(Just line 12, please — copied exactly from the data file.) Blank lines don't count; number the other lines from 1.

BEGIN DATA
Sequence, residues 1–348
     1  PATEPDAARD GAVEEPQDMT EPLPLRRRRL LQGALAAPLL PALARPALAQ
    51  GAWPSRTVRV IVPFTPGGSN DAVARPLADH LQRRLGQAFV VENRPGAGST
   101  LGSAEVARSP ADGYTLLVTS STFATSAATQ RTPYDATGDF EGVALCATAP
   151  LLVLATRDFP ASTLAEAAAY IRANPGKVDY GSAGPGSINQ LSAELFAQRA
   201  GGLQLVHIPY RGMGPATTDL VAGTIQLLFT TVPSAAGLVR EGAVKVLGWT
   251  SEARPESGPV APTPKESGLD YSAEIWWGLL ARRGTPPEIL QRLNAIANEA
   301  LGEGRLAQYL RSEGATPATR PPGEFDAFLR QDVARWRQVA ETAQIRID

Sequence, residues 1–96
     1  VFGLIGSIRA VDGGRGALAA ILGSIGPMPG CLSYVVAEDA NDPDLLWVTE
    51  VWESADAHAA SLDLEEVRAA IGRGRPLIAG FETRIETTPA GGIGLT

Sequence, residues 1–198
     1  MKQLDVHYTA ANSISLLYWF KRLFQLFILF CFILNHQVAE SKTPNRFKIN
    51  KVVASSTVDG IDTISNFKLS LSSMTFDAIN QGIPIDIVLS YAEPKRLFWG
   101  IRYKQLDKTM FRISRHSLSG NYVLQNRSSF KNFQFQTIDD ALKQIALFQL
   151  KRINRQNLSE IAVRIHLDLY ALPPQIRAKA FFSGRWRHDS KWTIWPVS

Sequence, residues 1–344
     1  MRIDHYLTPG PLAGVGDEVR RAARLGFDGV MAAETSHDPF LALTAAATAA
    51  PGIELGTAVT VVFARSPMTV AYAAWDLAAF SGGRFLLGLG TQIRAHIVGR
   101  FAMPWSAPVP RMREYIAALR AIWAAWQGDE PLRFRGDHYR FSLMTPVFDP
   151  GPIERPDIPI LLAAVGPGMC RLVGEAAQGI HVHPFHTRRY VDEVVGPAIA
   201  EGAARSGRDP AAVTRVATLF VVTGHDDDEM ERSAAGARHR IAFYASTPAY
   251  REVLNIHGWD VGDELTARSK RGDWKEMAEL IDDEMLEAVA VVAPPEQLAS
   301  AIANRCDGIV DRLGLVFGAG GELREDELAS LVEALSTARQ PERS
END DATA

Sequence, residues 1–198